“What! another examination!” cried the mother, with horror.
“Oh, no, only a few details, princess.”
“Come this way.”
And the mother, accompanied by the doctor, went into the drawing room to Kitty. Wasted and flushed, with a peculiar glitter in her eyes, left there by the agony of shame she had been put through, Kitty stood in the middle of the room. When the doctor came in she flushed crimson, and her eyes filled with tears. All her illness and treatment struck her as a thing so stupid, ludicrous even! Doctoring her seemed to her as absurd as putting together the pieces of a broken vase. Her heart was broken. Why would they try to cure her with pills and powders? But she could not grieve her mother, especially as her mother considered herself to blame.
“May I trouble you to sit down, princess?” the celebrated doctor said to her.
He sat down with a smile, facing her, felt her pulse, and again began asking her tiresome questions. She answered him, and all at once got up, furious.
“Excuse me, doctor, but there is really no object in this. This is the third time you’ve asked me the same thing.”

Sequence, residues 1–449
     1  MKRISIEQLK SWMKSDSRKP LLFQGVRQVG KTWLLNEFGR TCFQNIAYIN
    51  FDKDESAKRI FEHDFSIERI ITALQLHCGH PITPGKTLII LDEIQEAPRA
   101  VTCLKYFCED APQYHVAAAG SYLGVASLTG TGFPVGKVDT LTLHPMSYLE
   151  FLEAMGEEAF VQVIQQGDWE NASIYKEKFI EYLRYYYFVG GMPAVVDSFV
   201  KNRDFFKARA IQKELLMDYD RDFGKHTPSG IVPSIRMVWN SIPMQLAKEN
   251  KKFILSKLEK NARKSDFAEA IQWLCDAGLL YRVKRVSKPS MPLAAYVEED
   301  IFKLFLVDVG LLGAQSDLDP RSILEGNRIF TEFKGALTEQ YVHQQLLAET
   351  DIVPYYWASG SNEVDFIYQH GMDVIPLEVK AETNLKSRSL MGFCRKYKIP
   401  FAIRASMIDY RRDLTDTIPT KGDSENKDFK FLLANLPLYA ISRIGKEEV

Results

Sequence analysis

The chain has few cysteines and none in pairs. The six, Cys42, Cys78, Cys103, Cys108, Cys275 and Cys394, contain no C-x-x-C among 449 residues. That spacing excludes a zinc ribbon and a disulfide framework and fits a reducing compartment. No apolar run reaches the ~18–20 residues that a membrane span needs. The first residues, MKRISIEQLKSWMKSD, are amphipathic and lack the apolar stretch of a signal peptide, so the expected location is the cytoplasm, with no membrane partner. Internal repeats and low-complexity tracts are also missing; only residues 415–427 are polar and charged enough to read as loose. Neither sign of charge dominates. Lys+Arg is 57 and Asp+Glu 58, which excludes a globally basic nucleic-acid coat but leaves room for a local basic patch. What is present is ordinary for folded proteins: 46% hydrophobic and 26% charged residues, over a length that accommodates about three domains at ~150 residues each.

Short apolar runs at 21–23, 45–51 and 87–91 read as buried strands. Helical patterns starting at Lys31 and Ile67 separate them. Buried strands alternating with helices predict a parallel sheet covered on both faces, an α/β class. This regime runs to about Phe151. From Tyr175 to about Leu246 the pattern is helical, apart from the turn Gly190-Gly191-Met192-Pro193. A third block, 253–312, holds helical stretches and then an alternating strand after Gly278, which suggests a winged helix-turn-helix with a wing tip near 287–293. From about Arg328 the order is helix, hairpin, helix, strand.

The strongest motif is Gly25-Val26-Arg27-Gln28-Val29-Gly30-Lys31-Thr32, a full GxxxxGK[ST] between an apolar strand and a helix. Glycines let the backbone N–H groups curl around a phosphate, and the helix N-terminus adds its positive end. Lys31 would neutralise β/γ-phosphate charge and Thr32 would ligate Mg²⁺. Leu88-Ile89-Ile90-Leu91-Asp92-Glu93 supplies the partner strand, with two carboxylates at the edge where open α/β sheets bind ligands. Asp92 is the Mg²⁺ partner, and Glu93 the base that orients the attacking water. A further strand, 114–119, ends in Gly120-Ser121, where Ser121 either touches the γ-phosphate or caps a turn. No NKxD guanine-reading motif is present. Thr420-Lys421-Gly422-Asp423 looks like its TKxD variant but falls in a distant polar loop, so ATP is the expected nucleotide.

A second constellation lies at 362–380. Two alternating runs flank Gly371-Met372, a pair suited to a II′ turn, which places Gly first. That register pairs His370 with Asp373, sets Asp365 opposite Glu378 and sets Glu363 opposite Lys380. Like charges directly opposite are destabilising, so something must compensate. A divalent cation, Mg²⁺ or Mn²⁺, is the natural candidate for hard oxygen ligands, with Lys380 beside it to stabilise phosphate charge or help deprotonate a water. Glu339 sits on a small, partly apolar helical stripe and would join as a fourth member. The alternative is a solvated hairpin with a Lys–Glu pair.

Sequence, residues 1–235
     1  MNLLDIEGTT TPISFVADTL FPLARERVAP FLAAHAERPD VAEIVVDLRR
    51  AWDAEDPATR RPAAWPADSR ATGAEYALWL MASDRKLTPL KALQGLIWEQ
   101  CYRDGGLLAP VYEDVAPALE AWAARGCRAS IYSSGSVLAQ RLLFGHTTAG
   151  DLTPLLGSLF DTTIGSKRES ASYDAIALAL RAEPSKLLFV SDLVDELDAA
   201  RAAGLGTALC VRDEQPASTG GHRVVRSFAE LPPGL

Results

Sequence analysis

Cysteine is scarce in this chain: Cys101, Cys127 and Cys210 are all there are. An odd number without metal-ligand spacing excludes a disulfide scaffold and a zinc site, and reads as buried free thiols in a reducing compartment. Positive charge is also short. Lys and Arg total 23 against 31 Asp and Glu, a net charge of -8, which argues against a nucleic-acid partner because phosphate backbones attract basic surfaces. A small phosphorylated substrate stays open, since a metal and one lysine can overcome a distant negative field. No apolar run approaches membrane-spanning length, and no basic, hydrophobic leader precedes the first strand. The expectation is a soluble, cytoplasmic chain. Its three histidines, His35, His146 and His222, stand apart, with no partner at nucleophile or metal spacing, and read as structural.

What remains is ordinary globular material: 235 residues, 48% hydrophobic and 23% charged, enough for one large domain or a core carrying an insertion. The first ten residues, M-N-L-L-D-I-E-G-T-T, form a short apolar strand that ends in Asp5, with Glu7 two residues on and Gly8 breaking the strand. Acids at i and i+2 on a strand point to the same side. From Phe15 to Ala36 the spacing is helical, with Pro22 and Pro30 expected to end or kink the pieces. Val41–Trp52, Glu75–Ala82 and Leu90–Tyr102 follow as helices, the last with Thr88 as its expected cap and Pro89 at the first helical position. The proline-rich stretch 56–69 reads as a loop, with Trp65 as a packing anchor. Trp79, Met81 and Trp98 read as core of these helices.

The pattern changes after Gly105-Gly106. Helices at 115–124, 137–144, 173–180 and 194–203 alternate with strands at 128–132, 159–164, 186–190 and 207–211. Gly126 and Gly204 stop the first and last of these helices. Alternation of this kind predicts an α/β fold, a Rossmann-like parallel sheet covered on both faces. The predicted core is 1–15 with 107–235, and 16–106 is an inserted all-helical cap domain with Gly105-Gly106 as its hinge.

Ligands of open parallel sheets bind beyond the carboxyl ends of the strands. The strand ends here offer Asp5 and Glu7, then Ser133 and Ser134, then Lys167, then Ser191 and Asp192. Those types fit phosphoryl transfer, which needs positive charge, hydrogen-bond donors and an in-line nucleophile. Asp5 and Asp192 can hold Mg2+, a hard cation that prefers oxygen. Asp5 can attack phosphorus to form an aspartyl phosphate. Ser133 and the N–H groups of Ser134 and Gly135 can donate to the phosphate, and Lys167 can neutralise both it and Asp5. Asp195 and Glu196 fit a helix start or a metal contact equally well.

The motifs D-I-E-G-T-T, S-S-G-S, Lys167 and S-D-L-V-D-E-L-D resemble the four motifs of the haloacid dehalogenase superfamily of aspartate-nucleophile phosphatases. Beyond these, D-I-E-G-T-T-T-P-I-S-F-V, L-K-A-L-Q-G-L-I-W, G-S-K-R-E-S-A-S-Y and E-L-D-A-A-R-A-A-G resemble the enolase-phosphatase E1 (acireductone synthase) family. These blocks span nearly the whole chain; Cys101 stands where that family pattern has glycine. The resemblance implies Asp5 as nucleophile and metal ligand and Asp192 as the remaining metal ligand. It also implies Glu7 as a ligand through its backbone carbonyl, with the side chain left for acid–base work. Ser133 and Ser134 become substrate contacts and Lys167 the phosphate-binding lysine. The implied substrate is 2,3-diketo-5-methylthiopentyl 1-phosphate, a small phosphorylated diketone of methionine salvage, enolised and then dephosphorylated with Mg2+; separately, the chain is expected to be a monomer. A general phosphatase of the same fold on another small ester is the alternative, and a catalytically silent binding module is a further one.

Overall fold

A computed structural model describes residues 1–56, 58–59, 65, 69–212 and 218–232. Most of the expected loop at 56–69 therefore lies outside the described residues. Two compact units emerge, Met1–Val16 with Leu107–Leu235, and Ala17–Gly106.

The celebrated doctor did not take offense.
“Nervous irritability,” he said to the princess, when Kitty had left the room. “However, I had finished...”
And the doctor began scientifically explaining to the princess, as an exceptionally intelligent woman, the condition of the young princess, and concluded by insisting on the drinking of the waters, which were certainly harmless. At the question: Should they go abroad? the doctor plunged into deep meditation, as though resolving a weighty problem. Finally his decision was pronounced: they were to go abroad, but to put no faith in foreign quacks, and to apply to him in any need.
It seemed as though some piece of good fortune had come to pass after the doctor had gone. The mother was much more cheerful when she went back to her daughter, and Kitty pretended to be more cheerful. She had often, almost always, to be pretending now.
“Really, I’m quite well, mamma. But if you want to go abroad, let’s go!” she said, and trying to appear interested in the proposed tour, she began talking of the preparations for the journey.
Soon after the doctor, Dolly had arrived. She knew that there was to be a consultation that day, and though she was only just up after her confinement (she had another baby, a little girl, born at the end of the winter), though she had trouble and anxiety enough of her own, she had left her tiny baby and a sick child, to come and hear Kitty’s fate, which was to be decided that day.
“Well, well?” she said, coming into the drawing room, without taking off her hat. “You’re all in good spirits. Good news, then?”
They tried to tell her what the doctor had said, but it appeared that though the doctor had talked distinctly enough and at great length, it was utterly impossible to report what he had said. The only point of interest was that it was settled they should go abroad.